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Overcoming Muscle Memory to Incorporate New Martial Arts Skills | Pacific Wave Jiu-jitsu

Overcoming Muscle Memory to Incorporate New Martial Arts Skills


Whether you have years of experience or are beginning martial arts for the very first time, you’ll find yourself trying to learn techniques that feel unnatural or counter to your usual way of moving. It can be quite a challenge to force your body to do things it has never done before, or that feel awkward.

For those of you unaware, Lori O’Connell Sensei works in the movie industry when she’s not in the dojo, and I work in the security industry. Both of us have been training in the martial arts for a lengthy period of time, and we’ve both recently begun adding new physical skills to our repertoires for our work outside of the dojo. Lori Sensei has been working on her fight reactions for stunt work, while I have been working on my handcuffing skills. We have been practicing together, and it has led to some challenges.

Some of the movements are familiar, and are quite easy to pick up, while others are too similar, making them difficult to do because our bodies are already trained in a specific way. Other techniques are so very different that we have the same trouble, in that our bodies would much rather do something else entirely.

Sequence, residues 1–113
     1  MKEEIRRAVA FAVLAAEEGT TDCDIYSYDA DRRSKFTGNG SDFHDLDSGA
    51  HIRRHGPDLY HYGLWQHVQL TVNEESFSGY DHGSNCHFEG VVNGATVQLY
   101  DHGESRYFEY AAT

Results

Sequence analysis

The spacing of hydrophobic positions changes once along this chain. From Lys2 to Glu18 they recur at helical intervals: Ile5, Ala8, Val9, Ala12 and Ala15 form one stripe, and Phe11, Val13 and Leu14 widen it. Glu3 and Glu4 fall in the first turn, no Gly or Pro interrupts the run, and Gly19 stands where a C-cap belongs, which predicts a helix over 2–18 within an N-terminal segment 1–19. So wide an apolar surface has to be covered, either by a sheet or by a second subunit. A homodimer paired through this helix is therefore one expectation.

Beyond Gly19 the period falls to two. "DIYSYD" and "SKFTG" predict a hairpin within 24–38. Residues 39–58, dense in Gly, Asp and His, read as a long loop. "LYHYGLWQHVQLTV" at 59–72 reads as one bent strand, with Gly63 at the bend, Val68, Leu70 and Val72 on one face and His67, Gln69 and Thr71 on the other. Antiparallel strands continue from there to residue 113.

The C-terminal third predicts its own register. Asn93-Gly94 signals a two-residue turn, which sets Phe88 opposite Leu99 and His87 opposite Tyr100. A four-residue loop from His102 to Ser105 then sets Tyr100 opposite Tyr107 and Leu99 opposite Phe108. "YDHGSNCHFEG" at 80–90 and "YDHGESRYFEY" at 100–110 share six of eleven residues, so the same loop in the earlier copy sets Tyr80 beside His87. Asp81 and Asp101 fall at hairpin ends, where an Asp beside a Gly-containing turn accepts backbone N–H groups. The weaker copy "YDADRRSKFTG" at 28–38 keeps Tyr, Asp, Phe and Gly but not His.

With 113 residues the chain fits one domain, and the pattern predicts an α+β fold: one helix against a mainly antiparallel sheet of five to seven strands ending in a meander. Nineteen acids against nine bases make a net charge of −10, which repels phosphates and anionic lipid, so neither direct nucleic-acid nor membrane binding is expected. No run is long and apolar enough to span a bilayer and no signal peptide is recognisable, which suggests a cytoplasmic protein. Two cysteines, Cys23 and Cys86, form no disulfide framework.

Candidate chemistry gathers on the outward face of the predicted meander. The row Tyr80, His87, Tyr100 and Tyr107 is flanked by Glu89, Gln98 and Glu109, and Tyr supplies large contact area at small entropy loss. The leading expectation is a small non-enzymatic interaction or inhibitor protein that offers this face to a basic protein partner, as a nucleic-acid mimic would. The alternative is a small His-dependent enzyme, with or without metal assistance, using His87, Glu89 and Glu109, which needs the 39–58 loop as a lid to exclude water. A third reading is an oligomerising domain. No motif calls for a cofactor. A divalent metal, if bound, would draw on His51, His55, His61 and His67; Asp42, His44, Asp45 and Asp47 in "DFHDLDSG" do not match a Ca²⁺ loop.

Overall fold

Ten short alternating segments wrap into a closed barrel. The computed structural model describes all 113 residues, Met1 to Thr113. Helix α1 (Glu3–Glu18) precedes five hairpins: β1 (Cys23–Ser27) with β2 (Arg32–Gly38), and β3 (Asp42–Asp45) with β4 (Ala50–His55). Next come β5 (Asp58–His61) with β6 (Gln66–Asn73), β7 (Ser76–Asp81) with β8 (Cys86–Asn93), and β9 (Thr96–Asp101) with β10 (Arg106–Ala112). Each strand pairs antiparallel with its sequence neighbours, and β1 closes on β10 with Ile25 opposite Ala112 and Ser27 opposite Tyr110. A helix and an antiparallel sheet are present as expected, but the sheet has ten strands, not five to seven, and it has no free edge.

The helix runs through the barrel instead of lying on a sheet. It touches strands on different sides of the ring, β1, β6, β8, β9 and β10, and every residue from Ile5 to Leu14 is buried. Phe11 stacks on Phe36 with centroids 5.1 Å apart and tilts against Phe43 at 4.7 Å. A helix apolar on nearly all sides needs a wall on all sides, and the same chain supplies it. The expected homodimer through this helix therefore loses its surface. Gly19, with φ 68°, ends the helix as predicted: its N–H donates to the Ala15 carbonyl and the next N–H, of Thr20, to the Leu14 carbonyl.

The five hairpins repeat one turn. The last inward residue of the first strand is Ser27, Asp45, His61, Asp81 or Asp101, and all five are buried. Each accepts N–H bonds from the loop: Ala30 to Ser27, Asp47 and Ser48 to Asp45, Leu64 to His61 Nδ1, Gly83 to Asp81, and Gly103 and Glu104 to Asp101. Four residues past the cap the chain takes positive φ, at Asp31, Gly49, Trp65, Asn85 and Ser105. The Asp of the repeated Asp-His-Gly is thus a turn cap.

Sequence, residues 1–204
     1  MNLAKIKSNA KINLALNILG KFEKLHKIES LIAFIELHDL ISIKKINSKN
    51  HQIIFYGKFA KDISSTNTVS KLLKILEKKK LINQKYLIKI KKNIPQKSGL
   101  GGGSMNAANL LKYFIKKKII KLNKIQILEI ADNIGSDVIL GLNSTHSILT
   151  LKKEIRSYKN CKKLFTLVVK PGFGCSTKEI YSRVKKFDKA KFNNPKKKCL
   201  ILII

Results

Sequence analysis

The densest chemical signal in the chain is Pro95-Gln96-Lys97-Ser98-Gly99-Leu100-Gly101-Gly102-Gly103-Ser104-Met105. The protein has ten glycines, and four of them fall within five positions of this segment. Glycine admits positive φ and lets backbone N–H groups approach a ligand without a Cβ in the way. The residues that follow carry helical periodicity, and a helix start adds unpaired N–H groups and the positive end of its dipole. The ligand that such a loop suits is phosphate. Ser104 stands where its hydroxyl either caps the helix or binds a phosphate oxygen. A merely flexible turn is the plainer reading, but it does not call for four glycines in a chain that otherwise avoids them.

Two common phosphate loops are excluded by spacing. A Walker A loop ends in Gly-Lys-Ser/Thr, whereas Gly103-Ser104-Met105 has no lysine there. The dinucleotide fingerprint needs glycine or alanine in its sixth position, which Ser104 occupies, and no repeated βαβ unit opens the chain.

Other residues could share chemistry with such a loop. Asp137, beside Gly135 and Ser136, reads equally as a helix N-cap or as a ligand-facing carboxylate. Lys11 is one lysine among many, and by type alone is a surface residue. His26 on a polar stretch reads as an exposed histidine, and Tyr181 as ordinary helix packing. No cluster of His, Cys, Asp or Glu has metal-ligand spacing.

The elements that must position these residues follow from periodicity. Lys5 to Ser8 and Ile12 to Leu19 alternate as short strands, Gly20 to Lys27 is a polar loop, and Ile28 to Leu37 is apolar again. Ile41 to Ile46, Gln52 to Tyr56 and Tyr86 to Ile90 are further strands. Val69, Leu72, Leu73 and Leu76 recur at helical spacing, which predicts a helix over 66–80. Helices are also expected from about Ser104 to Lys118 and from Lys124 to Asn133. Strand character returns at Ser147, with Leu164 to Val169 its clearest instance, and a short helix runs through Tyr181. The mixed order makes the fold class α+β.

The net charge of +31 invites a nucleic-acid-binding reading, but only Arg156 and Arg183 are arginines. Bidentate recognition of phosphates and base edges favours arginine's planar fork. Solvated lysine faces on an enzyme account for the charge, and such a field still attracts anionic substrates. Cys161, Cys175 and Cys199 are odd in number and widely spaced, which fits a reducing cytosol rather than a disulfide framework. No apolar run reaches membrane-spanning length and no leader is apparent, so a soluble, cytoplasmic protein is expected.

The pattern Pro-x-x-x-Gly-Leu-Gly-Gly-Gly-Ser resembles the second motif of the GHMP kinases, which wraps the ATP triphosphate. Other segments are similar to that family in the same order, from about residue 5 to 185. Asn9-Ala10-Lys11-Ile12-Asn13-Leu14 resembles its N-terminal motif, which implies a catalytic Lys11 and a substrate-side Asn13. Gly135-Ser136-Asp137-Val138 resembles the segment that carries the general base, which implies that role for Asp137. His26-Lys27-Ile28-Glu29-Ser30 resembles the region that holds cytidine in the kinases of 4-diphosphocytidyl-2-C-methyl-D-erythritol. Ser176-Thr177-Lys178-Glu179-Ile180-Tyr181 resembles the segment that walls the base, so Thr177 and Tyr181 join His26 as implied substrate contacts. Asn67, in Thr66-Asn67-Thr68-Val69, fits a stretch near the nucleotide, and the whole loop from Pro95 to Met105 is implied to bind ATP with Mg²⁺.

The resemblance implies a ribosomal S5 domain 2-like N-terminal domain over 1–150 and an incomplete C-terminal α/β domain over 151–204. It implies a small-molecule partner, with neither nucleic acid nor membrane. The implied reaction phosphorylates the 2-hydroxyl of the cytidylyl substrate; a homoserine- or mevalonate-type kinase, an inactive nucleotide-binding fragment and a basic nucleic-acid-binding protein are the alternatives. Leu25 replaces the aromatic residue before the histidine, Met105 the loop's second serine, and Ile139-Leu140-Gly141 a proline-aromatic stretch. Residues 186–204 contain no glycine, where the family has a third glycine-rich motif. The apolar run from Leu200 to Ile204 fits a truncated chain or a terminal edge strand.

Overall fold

In both cases, I’ve been presented with some challenges to overcome. A while ago, I took part in two short courses on handcuffing taught by an RCMP trainer, and I found the movements he taught very intuitive and picked most of it up. I didn’t realize how much I’d picked up until doing the provincially sanctioned handcuffing course for security professionals a few weeks ago. While mostly quite similar, there are some differences, and I found myself, when under pressure, defaulting to the RCMP method.

In exchange for the opportunity to practice my handcuffing on Lori Sensei, I have been assisting her in her fight reactions. The challenges I have faced there are very similar to those I’ve been doing with handcuffing.

For instance, when conducting a movie fight, you’re not actually supposed to be aiming for the head, but about 8-inches in front of it. But when landing shots to the body, you can actually make contact, but not with much force. Both of these movements are very counter to my training, and I found myself routinely missing her by fractions of an inch as I pulled my punches at the last second, or landing shots to the body with a bit more force than necessary. It’s also difficult to exaggerating the strikes in larger, more telegraphing motions when I’m used to small, efficient movements.

In order to overcome my bodies trained reactions, I have been focusing on 3 different points.

Take Away The Stress

In order to make my body more open to doing something different, I remove all the potential elements of stress. I remind myself there’s no urgency, I ask my partner to keep any resistance to a minimum, and I…

Go Slow

I go slow… very slow. I focus on each movement and element of the technique I’m doing and work myself through it. I keep my brain engaged, and make it give orders to my body to overcome the trained reactions my body has. As I get more fluid with the technique, I can start to take my brain out of the equation, and speed will naturally start to develop. I get there by…

Practicing At Every Opportunity